Wednesday, September 15, 2010

Cohen Marks Up Bill to Restore Fairness in Student Lending

Wednesday, 15 September 2010

WASHINGTON, D.C. – Congressman Steve Cohen (TN-9), Chairman of the House Judiciary Subcommittee on Commercial and Administrative Law (CAL), today marked up legislation he authored to restore fairness in student lending by treating privately issued student loans in bankruptcy the same as other types of unsecured debt.
“People who seek higher education to better their futures should not be dissuaded from doing so by the threat of financial ruin,” said Congressman Cohen.  “The bankruptcy system should work as a safety net that allows people to get the education they want with the assurance that, should their finances come under strain by layoffs, accidents, or other unforeseen life events, they will be protected.  My bill takes a modest but important step toward achieving this goal.”

The Private Student Loan Bankruptcy Fairness Act of 2010 (H.R. 5043) was today marked up in CAL, which Congressman Cohen chairs.  Before changes were made to the Bankruptcy Code in 2005, only government issued or guaranteed student loans were effectively nondischargeable during bankruptcy.  This protection has been in place since 1978 and was intended to safeguard federal investments in higher education.

The Cohen bill would restore the pre-2005 treatment of private student loan debt in bankruptcy.  For the past decade, private student loans have been the fastest growing and most profitable part of the student loan industry.  According to the College Board, roughly 15 percent of total student borrowing is in private student loans.  Ten years ago, only five percent of total education loan volume was in private loans.

The interest rates and fees on private loans can be as onerous as credit cards.  There are reports of private loans with interest rates of at least 15 percent, and higher rates are not unheard of.  This can place a tremendous burden on student borrowers with private loans and, unlike federal student loans, there is no government-imposed loan limit on private loans and no public regulation over the terms and cost of these loans.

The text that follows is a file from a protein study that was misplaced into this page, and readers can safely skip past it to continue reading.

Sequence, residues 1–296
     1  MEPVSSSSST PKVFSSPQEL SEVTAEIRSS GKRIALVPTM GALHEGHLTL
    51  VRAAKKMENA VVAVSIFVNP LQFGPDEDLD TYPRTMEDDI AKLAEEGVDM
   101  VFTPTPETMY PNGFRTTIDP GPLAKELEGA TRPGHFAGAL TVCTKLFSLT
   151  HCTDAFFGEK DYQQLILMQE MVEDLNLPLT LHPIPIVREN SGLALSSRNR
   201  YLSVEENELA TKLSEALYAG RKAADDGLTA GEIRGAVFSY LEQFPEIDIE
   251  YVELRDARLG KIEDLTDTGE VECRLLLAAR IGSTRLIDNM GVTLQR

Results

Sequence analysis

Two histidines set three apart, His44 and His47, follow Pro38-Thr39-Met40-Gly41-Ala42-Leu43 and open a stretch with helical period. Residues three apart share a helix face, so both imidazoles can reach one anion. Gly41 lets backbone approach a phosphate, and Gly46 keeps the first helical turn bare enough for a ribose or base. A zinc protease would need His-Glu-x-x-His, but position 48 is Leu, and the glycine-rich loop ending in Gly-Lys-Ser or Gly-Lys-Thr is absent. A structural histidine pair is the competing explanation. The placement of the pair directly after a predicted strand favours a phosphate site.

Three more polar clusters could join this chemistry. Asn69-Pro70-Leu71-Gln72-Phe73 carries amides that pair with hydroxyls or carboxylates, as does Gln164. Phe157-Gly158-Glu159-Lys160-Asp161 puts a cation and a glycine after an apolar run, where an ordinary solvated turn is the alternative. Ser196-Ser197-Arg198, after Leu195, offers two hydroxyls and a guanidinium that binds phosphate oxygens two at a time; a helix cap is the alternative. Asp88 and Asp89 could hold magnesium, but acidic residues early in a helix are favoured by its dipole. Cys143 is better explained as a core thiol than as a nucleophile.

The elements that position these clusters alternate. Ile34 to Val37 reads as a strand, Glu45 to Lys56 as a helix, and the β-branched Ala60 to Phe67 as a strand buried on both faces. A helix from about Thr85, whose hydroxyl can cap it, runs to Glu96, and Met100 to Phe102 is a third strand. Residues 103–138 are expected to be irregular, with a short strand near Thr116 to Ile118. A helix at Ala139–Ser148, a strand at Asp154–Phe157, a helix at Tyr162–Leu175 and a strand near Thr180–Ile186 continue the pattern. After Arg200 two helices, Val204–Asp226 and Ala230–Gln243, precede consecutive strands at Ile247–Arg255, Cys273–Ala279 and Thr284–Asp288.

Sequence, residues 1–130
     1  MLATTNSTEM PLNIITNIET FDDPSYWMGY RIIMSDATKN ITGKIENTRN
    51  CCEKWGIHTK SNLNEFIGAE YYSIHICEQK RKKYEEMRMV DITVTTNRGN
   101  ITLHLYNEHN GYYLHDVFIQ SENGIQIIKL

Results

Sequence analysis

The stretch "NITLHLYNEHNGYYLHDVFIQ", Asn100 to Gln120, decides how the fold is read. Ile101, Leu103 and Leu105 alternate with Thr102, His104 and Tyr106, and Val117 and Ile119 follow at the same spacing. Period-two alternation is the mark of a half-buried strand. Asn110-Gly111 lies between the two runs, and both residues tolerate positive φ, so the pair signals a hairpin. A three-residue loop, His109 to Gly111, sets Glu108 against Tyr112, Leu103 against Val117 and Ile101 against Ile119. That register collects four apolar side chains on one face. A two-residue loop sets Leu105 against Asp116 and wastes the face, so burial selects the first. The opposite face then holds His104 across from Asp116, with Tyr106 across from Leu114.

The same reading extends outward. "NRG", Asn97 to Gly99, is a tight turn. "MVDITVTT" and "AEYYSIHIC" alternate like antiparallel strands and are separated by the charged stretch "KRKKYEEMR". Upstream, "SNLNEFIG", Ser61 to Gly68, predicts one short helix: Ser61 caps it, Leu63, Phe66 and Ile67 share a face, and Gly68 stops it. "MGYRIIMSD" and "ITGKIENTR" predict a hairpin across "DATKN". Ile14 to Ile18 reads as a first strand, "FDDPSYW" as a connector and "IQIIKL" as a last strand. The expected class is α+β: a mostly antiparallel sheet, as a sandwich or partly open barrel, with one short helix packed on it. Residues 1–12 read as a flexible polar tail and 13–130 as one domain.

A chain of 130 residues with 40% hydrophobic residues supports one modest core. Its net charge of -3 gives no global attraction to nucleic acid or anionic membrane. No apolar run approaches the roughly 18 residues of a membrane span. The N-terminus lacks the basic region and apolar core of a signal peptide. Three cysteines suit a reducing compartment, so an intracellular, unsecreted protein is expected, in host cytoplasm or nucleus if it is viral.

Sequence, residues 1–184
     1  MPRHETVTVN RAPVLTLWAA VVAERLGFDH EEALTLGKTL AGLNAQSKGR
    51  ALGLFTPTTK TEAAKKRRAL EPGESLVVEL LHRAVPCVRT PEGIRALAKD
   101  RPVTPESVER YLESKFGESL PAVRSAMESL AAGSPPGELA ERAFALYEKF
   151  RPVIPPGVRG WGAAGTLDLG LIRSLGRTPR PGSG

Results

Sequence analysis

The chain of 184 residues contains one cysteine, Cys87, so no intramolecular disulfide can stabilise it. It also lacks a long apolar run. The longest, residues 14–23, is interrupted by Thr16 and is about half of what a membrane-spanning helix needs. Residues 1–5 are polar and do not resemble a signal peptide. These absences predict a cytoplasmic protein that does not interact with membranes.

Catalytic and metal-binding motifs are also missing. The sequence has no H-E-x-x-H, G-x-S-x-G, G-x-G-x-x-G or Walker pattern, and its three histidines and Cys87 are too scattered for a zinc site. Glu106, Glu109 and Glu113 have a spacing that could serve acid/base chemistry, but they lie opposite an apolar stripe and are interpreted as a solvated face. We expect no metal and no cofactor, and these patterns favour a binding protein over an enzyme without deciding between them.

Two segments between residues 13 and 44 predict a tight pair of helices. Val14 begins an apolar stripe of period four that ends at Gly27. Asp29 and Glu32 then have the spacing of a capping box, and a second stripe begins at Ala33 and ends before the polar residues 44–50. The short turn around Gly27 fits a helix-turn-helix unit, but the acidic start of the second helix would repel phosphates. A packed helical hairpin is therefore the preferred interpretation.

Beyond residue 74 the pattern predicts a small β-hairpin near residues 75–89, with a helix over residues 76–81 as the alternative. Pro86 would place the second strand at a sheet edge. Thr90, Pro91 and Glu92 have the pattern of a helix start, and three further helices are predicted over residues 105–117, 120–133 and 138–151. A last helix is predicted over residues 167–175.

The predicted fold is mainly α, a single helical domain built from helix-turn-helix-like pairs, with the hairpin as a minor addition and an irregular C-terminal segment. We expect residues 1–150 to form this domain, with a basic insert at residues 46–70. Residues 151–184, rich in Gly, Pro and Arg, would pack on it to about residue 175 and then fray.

Private loans involve only private profit and do not have the protections that government borrowers enjoy, including caps on interest rates, flexible repayment options, and limited cancellation rights.  Most types of unsecured debts are dischargeable in bankruptcy, with only a few exceptions for very strong public policy reasons.  For example, the Bankruptcy Code makes it especially difficult for people to escape child support responsibilities, overdue taxes, and criminal fines.  Privately issued student loans should not be on that list.

Congressman Cohen is a longtime advocate of making higher education more affordable and accessible, most notably through the establishment of the Tennessee Lottery.

No comments:

Post a Comment